What should I wear? The annual Yukon Outfitters Association (YOA) ball was held Saturday 8 December at the Kwanlin Dün Cultural Centre (KDCC). What do you wear to an outfitters ball? The two terms seem to be in contradiction to each other. I opted for a little black dress (you can never go wrong there).
I walked into the KDCC, which was decked out for the event, and I noticed immediately the contrast between the attendees. There were cowboy hats and plaid shirts, to ball gowns and babies. Not only was the attire diverse, but so was the clientele—newborns, teenagers, young adults—all age groups were present. It had the feeling of being at a family gathering but just on a much larger scale. The feeling was Come as you are, it doesn’t matter. I did feel a tad bit overdressed, though, and was quite jealous of the jeans, plaid and baseball caps.
Brenda Stehelin, from the YOA, organized the event and I was linked up to sit at the Yukon Big Game Outfitters table, which was overseen by Shawn and Sandra Raymond. Luckily, I knew some people already who were at the same table (childhood friends in Faro), Shawn, and Trudy Amos and her husband, who has helped guide with Yukon Big Game before Jordie Amos.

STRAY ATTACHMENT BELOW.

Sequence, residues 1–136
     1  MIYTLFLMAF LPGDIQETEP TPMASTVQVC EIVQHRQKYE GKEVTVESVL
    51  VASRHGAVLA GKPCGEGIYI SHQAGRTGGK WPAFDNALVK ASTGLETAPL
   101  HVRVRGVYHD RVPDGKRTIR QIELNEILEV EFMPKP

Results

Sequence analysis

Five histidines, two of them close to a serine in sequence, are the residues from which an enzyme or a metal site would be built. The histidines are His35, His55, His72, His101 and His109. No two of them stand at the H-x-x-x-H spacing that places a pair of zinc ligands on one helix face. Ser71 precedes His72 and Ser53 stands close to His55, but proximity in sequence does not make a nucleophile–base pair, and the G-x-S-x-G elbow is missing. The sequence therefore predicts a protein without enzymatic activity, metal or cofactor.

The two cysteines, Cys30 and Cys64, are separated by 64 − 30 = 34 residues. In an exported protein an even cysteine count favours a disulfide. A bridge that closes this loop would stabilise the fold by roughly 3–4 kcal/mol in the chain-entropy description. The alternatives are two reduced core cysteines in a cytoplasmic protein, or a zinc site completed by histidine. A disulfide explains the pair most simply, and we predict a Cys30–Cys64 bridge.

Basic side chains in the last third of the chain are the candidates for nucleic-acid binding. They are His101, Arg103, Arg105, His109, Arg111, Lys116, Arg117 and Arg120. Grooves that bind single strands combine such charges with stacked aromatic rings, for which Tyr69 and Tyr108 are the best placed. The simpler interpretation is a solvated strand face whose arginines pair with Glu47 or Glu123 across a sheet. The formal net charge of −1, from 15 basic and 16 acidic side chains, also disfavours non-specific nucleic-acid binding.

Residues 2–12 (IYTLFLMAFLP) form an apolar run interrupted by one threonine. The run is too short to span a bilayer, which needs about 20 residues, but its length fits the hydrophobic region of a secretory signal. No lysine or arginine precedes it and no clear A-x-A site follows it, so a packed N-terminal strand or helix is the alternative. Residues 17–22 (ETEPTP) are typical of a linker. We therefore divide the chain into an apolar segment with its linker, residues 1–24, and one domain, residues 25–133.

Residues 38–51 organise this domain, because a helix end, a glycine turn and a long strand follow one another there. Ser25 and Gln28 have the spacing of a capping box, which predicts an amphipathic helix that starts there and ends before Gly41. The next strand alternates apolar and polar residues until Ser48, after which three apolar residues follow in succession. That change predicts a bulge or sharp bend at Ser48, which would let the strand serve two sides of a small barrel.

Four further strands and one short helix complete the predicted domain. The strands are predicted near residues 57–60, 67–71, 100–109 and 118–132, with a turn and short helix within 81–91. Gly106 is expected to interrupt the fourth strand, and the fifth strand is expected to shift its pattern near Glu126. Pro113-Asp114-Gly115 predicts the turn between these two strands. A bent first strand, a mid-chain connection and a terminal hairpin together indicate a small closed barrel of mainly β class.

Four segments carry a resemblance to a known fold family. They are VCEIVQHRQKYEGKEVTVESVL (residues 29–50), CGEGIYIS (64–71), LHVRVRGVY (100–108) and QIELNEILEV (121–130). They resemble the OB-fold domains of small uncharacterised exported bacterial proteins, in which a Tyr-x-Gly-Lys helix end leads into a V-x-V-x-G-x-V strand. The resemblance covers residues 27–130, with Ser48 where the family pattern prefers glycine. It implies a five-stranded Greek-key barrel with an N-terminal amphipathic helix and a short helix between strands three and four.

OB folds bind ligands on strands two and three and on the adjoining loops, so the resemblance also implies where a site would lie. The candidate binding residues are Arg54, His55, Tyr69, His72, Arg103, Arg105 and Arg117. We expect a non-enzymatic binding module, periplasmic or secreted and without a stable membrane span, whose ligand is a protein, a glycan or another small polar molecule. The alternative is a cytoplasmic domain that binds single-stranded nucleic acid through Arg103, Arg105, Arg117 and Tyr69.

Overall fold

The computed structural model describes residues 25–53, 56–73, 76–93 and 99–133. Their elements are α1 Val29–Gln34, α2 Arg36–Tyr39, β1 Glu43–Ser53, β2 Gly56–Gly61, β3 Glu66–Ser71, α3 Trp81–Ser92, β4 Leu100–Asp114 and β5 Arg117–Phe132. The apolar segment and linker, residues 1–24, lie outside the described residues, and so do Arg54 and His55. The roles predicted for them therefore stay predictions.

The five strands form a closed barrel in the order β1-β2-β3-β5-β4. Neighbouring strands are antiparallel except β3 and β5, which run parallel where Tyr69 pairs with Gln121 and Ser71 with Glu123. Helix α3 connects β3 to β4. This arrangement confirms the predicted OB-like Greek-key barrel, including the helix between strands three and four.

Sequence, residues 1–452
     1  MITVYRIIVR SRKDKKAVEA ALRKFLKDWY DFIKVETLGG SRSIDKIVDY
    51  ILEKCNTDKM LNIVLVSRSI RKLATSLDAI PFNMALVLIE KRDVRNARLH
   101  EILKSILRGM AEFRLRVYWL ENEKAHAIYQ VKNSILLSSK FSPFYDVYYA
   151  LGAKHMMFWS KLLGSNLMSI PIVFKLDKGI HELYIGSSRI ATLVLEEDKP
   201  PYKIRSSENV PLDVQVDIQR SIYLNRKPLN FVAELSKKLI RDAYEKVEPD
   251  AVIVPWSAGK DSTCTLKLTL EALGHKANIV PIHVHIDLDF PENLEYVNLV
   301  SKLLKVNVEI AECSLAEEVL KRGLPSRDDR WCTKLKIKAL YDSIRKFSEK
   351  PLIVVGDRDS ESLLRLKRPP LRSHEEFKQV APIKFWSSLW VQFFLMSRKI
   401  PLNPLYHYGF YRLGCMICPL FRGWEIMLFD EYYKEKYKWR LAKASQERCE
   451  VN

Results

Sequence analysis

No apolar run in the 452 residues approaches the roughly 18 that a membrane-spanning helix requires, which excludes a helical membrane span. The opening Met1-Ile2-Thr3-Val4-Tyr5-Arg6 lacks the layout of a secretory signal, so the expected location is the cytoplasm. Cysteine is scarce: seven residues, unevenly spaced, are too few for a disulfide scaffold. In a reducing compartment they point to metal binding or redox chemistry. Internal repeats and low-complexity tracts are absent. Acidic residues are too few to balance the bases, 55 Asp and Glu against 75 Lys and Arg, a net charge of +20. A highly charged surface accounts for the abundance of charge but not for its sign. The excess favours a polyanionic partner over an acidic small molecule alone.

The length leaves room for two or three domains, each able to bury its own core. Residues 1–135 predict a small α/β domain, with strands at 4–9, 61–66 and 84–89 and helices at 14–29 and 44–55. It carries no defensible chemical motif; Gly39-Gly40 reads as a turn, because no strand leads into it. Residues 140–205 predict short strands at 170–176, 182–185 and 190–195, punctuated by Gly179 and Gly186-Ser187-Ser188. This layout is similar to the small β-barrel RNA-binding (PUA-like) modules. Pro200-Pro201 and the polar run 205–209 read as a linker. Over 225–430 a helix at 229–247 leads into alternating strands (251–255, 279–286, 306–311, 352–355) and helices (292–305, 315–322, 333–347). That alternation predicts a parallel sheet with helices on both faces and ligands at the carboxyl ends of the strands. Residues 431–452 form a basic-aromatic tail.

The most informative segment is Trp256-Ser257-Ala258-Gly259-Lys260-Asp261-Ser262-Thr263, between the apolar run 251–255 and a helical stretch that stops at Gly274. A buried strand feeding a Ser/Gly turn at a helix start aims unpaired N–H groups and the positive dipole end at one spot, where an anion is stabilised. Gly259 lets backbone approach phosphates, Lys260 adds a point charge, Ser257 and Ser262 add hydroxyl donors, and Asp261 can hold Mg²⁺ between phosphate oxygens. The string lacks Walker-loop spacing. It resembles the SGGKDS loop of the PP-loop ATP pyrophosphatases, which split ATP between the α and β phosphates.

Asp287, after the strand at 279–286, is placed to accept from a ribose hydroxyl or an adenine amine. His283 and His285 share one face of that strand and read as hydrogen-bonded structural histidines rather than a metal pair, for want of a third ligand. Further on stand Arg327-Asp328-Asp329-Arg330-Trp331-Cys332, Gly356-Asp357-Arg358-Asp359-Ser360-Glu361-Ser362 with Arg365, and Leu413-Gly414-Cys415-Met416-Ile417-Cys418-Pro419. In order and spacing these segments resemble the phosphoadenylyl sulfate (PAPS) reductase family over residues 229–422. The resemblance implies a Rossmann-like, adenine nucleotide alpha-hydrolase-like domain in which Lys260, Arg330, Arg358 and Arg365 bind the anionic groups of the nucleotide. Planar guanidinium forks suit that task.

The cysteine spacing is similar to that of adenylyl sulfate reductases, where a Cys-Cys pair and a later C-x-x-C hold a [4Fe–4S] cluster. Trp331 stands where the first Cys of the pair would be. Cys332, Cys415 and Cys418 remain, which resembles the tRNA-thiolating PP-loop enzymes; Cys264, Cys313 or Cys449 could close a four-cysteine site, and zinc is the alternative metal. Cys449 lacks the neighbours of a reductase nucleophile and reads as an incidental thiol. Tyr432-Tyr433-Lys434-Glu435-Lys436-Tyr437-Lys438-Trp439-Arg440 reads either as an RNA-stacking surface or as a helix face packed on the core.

I was curious to meet hunters and to learn about big-game hunting from those that call it their livelihood and profession. Hunters and outfitters don’t always have the best picture painted of them (similar, I find, to snowmachine or motorized sports). The assumption is that some rednecks pile trophy heads in the back of a red truck and drive around town. But this isn’t the case. As I speak to more of the outfitters and hunters, it’s nothing like that. And if the stereotype is true, they (nor I) have not met them yet.